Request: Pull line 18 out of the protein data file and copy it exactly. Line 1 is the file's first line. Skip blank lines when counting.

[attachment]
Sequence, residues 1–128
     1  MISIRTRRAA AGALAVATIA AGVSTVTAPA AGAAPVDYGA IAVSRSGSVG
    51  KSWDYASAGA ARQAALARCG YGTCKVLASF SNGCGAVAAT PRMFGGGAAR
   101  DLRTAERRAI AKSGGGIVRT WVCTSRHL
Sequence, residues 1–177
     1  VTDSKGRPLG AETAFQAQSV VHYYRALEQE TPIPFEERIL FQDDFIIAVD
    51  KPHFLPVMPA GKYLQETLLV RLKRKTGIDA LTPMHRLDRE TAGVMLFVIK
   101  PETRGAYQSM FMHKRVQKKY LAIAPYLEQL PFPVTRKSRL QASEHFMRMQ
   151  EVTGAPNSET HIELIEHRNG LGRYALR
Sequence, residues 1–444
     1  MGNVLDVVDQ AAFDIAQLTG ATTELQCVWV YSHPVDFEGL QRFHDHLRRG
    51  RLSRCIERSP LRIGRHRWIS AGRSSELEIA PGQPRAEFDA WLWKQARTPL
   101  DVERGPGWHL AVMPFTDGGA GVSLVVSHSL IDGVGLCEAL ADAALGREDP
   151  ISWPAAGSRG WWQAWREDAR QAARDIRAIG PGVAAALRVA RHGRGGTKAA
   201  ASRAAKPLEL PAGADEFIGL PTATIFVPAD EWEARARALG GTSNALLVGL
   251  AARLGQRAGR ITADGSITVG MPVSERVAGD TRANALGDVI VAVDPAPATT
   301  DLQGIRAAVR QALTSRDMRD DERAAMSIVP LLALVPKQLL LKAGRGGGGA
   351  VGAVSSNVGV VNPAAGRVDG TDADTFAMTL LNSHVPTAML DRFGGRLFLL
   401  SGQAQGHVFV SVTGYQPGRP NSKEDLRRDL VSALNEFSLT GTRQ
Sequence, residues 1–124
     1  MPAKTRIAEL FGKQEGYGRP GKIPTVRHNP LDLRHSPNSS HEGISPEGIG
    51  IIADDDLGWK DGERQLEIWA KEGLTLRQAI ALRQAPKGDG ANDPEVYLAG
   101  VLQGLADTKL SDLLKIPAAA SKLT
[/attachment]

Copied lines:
   351  VGAVSSNVGV VNPAAGRVDG TDADTFAMTL LNSHVPTAML DRFGGRLFLL